Canada’s tough on crime government has quietly cut funding from youth justice programs meant to rehabilitate young offenders. They will still be funding transfers to the provinces to rehabilitate young offenders, but the transfers are being cut by 20 percent, the transfers have been in place since 1984. The cuts will take effect in April of 2013.
The Minister of Justice, Rob Nicholson, announced the government’s continued support for youth justice services on June 27 without mentioning the cut of $35.6 million.
Less money, of course, means fewer options for judges when it comes to sentencing young people, unless the provinces take on the extra cost themselves – unlikely in this age of deficits. Unfortunately, a lack of programs for rehabilitation and reintegration into society will mean more youth moving through the system as adults. Jailing instead of rehabilitating will wind up costing the government more when they sit in prison.
According the the Canada Council on Social Development (CCSD), Canada already has the highest rate of youth incarceration in the Western world even though studies have shown that incarceration increases the risk of re-offending. The CCSD quotes a project that took place in Massachusetts between 1970 and 1972. During that time the focus was solely on rehabilitation for young offenders. There were mentoring programs and skills development. A study by Harvard University found that offenses were reduced by 30 percent.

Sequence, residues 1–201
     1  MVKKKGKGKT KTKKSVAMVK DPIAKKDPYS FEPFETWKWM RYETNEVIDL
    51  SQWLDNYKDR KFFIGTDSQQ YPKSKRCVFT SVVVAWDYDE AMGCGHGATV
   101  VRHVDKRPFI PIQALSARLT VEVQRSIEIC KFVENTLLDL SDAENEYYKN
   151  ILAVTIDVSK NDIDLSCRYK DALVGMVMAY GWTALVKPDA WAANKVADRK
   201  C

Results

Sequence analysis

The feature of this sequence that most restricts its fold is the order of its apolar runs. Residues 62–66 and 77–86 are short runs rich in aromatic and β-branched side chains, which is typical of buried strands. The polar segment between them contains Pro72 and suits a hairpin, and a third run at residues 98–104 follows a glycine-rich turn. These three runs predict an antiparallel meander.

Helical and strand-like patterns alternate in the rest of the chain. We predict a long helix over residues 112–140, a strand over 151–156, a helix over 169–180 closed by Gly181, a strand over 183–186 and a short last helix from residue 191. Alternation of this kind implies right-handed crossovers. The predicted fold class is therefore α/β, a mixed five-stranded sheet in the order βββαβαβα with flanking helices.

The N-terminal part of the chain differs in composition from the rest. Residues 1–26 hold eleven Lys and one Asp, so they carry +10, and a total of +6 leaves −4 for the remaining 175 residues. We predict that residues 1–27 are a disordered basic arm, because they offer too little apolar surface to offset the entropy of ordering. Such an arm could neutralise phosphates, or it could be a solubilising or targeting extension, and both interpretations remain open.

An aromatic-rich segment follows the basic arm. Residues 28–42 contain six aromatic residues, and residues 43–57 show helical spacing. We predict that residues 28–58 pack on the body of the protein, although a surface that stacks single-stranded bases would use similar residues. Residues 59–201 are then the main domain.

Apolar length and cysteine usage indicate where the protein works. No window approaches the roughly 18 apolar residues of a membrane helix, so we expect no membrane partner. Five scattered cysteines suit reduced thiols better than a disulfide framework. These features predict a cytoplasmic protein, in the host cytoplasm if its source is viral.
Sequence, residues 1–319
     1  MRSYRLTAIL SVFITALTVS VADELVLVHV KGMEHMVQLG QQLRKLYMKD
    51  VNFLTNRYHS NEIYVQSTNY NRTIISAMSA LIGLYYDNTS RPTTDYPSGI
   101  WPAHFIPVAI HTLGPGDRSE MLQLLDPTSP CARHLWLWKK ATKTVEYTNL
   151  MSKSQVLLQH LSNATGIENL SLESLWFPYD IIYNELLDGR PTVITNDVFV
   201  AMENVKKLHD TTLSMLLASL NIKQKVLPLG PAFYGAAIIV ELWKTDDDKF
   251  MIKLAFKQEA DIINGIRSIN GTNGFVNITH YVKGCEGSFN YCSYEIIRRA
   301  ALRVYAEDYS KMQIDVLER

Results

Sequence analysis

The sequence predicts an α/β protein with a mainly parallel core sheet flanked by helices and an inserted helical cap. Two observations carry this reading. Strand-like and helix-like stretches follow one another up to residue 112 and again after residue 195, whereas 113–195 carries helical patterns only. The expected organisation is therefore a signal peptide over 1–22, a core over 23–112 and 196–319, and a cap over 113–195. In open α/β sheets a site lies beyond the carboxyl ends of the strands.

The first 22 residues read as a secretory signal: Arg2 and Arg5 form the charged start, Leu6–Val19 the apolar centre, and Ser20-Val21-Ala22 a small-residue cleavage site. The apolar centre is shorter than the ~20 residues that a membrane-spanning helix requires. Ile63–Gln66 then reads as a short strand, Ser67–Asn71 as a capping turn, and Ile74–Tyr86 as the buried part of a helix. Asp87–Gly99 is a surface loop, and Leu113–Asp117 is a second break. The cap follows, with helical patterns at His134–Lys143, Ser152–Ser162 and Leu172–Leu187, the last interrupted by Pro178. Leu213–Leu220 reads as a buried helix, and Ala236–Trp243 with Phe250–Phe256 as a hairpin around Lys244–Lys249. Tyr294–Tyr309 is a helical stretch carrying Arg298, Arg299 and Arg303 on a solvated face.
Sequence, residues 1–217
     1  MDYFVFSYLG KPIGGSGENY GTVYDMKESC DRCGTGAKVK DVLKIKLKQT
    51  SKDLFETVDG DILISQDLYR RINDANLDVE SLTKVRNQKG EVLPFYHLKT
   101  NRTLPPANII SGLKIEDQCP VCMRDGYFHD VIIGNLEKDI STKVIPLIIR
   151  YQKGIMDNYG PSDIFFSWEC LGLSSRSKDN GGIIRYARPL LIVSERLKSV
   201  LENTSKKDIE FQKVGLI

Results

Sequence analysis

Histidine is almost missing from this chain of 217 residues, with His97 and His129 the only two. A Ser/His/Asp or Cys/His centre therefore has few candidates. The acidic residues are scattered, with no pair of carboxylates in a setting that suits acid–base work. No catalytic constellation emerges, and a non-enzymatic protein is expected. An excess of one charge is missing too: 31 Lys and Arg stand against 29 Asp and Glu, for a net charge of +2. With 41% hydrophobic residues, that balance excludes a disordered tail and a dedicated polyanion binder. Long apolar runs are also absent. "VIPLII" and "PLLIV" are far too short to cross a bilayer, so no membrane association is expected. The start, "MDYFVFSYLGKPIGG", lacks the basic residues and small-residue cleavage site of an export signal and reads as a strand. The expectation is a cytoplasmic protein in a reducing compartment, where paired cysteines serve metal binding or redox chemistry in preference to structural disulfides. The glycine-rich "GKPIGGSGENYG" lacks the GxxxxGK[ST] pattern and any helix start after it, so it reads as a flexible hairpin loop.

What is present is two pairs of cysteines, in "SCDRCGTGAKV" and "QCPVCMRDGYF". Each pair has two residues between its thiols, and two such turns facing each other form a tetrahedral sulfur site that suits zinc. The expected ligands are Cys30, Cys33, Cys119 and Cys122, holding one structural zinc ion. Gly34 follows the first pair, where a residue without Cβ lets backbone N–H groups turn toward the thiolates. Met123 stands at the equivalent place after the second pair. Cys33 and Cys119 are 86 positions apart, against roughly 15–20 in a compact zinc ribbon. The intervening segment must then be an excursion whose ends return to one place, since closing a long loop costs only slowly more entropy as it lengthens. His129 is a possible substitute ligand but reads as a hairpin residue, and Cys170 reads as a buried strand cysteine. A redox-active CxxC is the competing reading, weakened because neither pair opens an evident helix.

The CCSD states that Canada took measures to reduce youth incarceration, introducing the Youth Criminal Justice Act to replace the Young Offenders Act, but now the Harper government is taking a step back.
Along with the cuts to transfers for rehabilitation programs, the Harper Tories have also introduced tougher sentences for young offenders in the omnibus budget bill, C-38. The Quebec government fought back against the changes, as that province focuses heavily on rehabilitation, but their protests fell on deaf ears.
The Tories say they are focusing on the ‘protection of society,’ but these changes show more of the short-sightedness we see consistently with this government.
Photo Credit: Jason Bain
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